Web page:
HC Deb 09 March 1891 vol 351 cc471-2
MR. MUNDELLA (Sheffield, Brightside)

I beg to ask the Vice President of the Committee of Council on Education whether his attention has been called to the statement of Mr. Kynnersley, Her Majesty's Inspector, published in the last General Report of Mr. Blandford, Her Majesty's Inspector (Blue Book, 1889, p. 270), that— It is now only in Birkenhead and Runcorn that we have really objectionable buildings, and to the statement recently made by the Chairman of the School Attendance Committee of that borough that— The number of school places in the Public Elementary Schools of the Borough of Birkenhead, measured at eight feet per child, is 15,665; or, if not, what is the correct number; whether he is aware that the population of Birkenhead, as estimated in the Registrar General's Returns for the year ending 27th September, 1890, is 105,049; whether, on the calculation of the Department that school places are required for one-sixth of the population, there should be 17,508 school places in Birkenhead, and whether there is therefore an actual deficiency of at least 1,843 places, which, if the Voluntary Schools were measured in accordance with the Luton letter of the Department (Parliamentary Return, No. 173, 1889), would be increased by about 2,000 places; and whether he will obtain from Her Majesty's Inspector a Report on the school supply of Birkenhead, both as to its amount and quality, having regard to its suitability as to fee, and take steps to secure that adequate provision be made for the education of the population of that town?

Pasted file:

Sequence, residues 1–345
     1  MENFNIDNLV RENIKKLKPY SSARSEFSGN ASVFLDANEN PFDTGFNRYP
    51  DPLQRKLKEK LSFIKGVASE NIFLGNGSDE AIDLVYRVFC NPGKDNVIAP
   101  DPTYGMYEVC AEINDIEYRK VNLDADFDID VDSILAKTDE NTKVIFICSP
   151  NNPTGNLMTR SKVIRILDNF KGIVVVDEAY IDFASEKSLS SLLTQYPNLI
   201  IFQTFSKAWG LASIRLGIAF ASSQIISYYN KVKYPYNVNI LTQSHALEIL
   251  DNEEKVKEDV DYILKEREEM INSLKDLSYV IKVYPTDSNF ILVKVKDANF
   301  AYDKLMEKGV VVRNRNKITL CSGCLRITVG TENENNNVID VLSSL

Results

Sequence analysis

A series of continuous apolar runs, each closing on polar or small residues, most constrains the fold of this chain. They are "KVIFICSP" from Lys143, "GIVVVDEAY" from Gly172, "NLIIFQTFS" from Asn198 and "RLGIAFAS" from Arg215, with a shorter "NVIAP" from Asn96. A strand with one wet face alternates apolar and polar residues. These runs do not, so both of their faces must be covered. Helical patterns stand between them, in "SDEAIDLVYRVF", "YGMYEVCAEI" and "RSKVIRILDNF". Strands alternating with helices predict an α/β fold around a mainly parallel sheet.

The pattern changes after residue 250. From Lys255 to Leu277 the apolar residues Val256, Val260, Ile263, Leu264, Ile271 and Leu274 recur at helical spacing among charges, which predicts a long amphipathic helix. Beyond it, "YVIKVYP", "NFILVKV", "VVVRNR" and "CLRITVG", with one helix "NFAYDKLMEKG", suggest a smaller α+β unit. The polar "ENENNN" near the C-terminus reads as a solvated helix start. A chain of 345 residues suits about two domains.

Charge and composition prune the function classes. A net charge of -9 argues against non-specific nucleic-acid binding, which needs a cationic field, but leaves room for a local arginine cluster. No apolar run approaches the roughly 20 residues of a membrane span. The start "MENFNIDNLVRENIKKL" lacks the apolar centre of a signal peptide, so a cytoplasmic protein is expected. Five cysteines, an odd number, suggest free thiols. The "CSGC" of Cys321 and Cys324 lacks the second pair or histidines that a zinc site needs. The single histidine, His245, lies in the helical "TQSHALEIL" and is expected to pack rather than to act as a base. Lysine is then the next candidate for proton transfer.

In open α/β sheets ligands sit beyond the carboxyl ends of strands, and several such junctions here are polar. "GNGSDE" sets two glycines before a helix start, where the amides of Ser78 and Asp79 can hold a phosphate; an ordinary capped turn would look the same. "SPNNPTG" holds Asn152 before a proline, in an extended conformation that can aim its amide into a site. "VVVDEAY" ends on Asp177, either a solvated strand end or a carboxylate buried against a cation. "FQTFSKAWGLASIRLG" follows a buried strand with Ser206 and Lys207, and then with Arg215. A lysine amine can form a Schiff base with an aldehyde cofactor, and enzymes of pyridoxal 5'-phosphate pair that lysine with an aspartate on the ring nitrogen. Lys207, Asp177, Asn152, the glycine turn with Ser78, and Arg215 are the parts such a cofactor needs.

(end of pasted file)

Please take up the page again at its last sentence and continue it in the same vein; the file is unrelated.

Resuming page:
I have seen Mr. Kynnersley's statement; but if the right hon. Gentleman had pursued his investigations a little further, he might have observed that the Inspector goes on to notice the extraordinary fluctuations to which the population of Birkenhead is liable. That being so, I prefer to await the result of the forthcoming Census before expressing an opinion as to the accuracy of the Registrar General's estimate. The number of school places in Birkenhead is 15,668, but the highest weekly average during any part of last year was only 14,389. The circumstances of the town are wholly dissimilar from those which gave rise to the Luton letter; and I am surprised that my right hon. Friend, if he has read that letter, should have fallen into the obvious error of citing it as applicable to the present case. So far as my information goes, no complaint of any deficiency has reached the Department; but it is part of their ordinary duty, which they are prepared to fulfil, to see that adequate provision is made for the education of the population.